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Microbial Degradation of Polyethylene: Recent Progress and Challenges

  • Shiv Shankar
  • Shailja Singh
  • Anuradha Mishra
  • Manju Sharma
  • Shikha
Chapter
Part of the Microorganisms for Sustainability book series (MICRO, volume 10)

Abstract

Polythene or polyethylene is the most commonly used polymer for the manufacturing of geomembranes, plastic bags, containers, bottles, and plastic films. The main properties of the plastics suited for its application include durability, inertness, light weight, flexibility, and low cost. Over the last three decades, the indiscriminate use of the polyethylene in transportation, packaging operations, agriculture, and industry has increased the problem of its accumulation in soil sediments and aqueous streams. Accumulation of polyethylene has emerged as a significant environmental issue nowadays. The improper disposal of solid waste containing plastic has increased the extent of the problem manifold. Used plastic packing materials and improperly disposed plastic bags prevent the entry of water and air into the earth, thereby causing depletion of groundwater and negative impacts on soil fauna. Adverse biochemical effects are caused to soil and water fauna upon ingestion of these toxic compounds. Upon unintentional ingestion, polythene causes intestinal blockage in aquatic biota like fishes, sea turtles, and seabirds. Existing conventional physical and chemical methods for the disposal of polyethylene are costly and result in formation of toxic compounds. Biodegradation of plastic is proposed as a more environmentally sound technology for disposal of plastic waste as compared to its recycling, incineration, and landfilling. In the light of the aforesaid context, the present chapter is an attempt to highlight various issues of microbial degradation of plastic, viz., general chemistry of polyethylene, its classification, role of microbes and their enzyme systems in degradation of polyethylene, and stages and obstacles in microbial degradation of the polyethylene.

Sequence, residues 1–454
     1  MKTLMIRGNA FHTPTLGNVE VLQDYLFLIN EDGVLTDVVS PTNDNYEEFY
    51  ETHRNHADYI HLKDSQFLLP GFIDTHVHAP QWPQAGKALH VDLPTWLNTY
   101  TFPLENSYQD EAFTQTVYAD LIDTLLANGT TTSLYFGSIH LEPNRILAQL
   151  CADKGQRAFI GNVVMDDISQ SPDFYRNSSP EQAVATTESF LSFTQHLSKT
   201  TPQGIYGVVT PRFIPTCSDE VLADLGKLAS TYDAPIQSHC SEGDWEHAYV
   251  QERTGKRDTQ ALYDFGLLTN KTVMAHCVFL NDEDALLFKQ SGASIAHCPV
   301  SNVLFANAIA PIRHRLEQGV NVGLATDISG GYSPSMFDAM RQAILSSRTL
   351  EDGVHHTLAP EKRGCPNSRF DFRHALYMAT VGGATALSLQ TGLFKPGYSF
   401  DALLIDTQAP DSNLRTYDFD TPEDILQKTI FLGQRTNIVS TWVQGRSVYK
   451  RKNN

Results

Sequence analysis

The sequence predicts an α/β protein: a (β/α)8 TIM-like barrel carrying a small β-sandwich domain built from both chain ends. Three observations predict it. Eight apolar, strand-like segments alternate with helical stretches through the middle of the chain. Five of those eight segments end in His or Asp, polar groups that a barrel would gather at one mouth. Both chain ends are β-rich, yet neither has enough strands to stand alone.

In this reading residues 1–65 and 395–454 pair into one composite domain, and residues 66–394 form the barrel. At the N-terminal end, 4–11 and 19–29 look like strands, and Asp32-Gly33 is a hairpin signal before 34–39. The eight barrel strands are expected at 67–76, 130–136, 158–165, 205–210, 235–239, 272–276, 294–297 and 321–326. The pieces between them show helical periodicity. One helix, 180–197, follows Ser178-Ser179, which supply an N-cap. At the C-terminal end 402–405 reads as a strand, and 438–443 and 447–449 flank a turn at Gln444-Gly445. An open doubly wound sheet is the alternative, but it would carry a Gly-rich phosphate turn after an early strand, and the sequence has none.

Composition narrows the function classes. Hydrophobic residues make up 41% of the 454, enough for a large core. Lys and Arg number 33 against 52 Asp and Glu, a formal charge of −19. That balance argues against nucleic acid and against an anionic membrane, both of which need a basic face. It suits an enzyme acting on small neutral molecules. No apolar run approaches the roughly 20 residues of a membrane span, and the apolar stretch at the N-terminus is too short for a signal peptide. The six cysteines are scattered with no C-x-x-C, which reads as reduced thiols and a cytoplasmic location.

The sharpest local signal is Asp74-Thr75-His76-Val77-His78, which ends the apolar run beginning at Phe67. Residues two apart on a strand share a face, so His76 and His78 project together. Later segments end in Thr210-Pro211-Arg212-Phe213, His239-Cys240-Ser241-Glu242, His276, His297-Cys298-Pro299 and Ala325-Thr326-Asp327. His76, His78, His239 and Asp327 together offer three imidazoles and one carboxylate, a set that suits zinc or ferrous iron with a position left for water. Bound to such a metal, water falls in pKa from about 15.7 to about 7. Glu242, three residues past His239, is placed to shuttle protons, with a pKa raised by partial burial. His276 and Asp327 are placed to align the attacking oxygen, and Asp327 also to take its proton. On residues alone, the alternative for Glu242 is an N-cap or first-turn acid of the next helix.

Keywords

Microbial degradation Polyethylene Progress Challenges Biodegradation 

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Copyright information

© Springer Nature Singapore Pte Ltd. 2019

Authors and Affiliations

  • Shiv Shankar
    • 1
  • Shailja Singh
    • 2
  • Anuradha Mishra
    • 3
  • Manju Sharma
    • 1
  • Shikha
    • 2
  1. 1.Department of Environmental Science, School of Vocational Studies and Applied SciencesGautam Budhha University (A State University)Greater NoidaIndia
  2. 2.Department of Environmental ScienceBaba Saheb Bhimrao Ambedkar University (A Central University)LucknowIndia
  3. 3.Department of Applied Chemistry, School of Vocational Studies and Applied SciencesGautam Buddha University (A State University)Greater NoidaIndia

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